Saturday . . . Two days off in a row. As my checking account attests, it's becoming a way too common occurrence. But do I savor the "unpaid" days of my life. In total, if I live as long as my pappy did, I've got only 10,981 days left. In this book I was reading I learned that just because "X-number" of hours passed in your life, it does not mean that they all whisked by at the same sixty minutes per hour speed limit. Our perception of time does speed up and slow down. For my student reader's (oh, yes, if you are reading me, you are all students <grin>) picture sitting in a class you hate. Time moves pretty slow, eh? Forever will I remember the two weeks (costing three hundred cash dollars per day in the 1980s) while the MDM and I lolled away at an exclusive resort in the British West Indies. The time absolutely crawled along at the pace of a sand crab traversing one of its laundry-soap-white beaches. It was delicious. I imagine I'll be phoned with some "emergency" Saturday and my quandary is: When to start drinking on day off number one? Since my shifts run anywhere from 10PM to 6AM, or 6AM to 10PM, I have determined I'm not confined to the "I'm-not-an-alcoholic" accepted drinking Tee Time of one minute after 12 O'Clock Noon. Tonight, Friday evening, I'm floating along on the cactus juice and watching one of my all-time most favorite film's, Ninth Gate. click to read more or purchase The Ninth Gate If I was feeling sad, I'd be watching the 1985 DVD, Into the Night with Jeff Goldblum and a very smooth-skinned Michelle Pfeiffer in a screenplay in which the beautiful wife two-times her incredibly intelligent and handsome husband. Ahem. Anyway, since the first time I saw it in the late 1980s, it still never fails to make me laugh. It never fails to fill my drooping spiritual sails. And Michelle Pfeiffer, who, shall we say? necessarily appears nude in one short scene, is one of the few Hollywood beauties who as she matures, continues to become even more attractive, even more handsome. (That damn David Kelly!) Viewing The Ninth Gate, I'm noticing things in the titles at the beginning, I'm noticing how the screenplay is logically laid out, how everything in its one hundred and thirty-three minutes is there for a reason. I am again being amazed at how very intricate and thousand piece puzzle-like a really good movie is. And, like I've mentioned before, what finer subject could any movie have, other than books? Pizza Hut. Click to enlarge Using my "2 for $14.99 One Topping Pizza Hut" coupon, I phone-ordered my pair of pies. I will eat a few of the top-of-the-roof-of-the-mouth-burning slices tonight, ziplock-bag the remainder and then, like a two hundred pound Black Widow spider, unwrap and completely consume over the next two to four days the remaining cold morsels. For me, it's like home-cooking. Sure do miss the MDM working the range and the oven. And the dishwasher. And the vacuum cleaner. And the . . . The operator told me that, ". . . tonight it would be 65 minutes . . ." but, I've never seen them take longer than twenty-five. (Of course, I always add-on a $3 tip and am also always reminded of how, as a sixteen year old piloting a gray 1950 Desoto with a back seat as large as most living room couches, considered it a good night if I averaged a simple dime (10 cents) tip from each of my deliveries.) Hell, my tony Paradise Valley apartment is maybe one thousand feet away from the churning 600F degree Pizza Hut ovens. There goes my timer, "beep-beep-beep-beep", optimistically set at 35 minutes. No one is rapping on the door yet. Drat! "Tap, tap, tap". Sounds coming from the front door? Yes! Pizza, in 38 minutes, they really must be busy.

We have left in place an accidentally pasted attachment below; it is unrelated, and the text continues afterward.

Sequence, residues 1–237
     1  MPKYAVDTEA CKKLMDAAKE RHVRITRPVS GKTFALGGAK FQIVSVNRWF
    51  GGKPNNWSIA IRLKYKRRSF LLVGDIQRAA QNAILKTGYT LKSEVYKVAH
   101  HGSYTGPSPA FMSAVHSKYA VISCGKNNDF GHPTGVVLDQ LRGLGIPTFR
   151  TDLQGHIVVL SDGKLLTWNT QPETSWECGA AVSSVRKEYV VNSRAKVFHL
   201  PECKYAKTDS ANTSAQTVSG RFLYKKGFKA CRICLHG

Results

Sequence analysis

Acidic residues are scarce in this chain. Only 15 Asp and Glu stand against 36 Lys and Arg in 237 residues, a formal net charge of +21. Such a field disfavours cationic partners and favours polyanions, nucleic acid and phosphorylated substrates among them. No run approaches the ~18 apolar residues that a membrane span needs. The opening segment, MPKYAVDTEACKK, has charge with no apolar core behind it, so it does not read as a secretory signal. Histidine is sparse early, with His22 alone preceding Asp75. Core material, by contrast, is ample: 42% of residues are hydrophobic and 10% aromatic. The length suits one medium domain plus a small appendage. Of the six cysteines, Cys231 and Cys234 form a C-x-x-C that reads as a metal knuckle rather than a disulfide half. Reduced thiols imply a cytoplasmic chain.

Saturday . . . I'm back at the Barnes & Noble brick and mortar bookstore that I wrote so many of my pages inside of last winter. Handsome Peugeout Earlier, as I stepped out of the handsome Peugeout, and while pulling out my B&N gift card, my Visa debit, and grabbing my clear plastic satchel containing the four books I reference during my writing, I was delightfully assaulted with the sharp and spicy aroma of Uncle Sam's Pizzas and then with more expensive flavors floating over from the kitchens vents of Mimi's Cafe and Red Robin. I spy an auto model that I do not recognize, as I approach and identify it, I see a Kerry/Edwards sticker on the rear window. Inside, at the Starbucks, as I pour my five packets of Sweet & Low into my typically awful coffee, I think that, "Being here is a lot more hospitable than sitting alone in my apartment." Sadly, I wasn't seated very long before I was reminded of one of the minor annoyances of venturing out. Cell phones. I had an afternoon dream about life with the MDM, almost as if we were still married. And, in the logic known only while you are within a dream, this one centered around the location of the clothes washing machine. On his short radio program, Garrison Keillor had mentioned Tom Robbin's Novel Another Roadside Attraction which I had plucked from the shelves tonight. Even though it is advertised as being among the currently popular (and highly profitable) books debunking the Resurrection of Jesus the Christ, I'm certain my faith can stand up to its size 10 font assaults. Within a few pages I'm laughing and wondering how an author comes up with such wacky people as "Amanda". Another Roadside AttractionI look out at the aisles and witness a slim and attractive, from the rear anyway, woman possibly near my own age. A rare site. After waiting the appropriate number of minutes, I leave my table and comb the rows, but do not find her. However, I do see many books I own, or more important books I have actually read. And that is notable, for something like 90% of all books bought are never read. As a matter of fact, just this afternoon, via parcel post, I received from a book-discounter another five books for my own library including the complete works of Shakespeare (my last one fell apart) and a 'pop-up' book of nightmares. I'm becoming pretty much disgusted with my low income lifestyle fueled by my low income income. While thinking of my next sentence, I gaze up to the ceiling of the huge bookstore, wondering which mirrored panel has an attic-dwelling employee looking down. Looking down for book burglars. Gawd, I love books. I love the beautiful art many of the paperbacks flash at me like cheerleader's pretty panties you see, but you're not supposed to see. I love the smell of the ink. I sometimes carefully spread open the pages of a freshly printed book and stick my nose in to inhale the fumes and I am flung back to the cool and carpeted floors of The Phoenix Public Library circa 1959. (Of course, I also purposely stick my schnoz in the path of the two-stroke exhaust cloud fleeing the pipe of a gas powered string trimmer and inhale . . . and hold it.) What emotions I experience as I run my fingers over the multi-textured covers made with 21st Century techniques that almost allow the sighted to read braille . . . gosh, I need a girlfriend.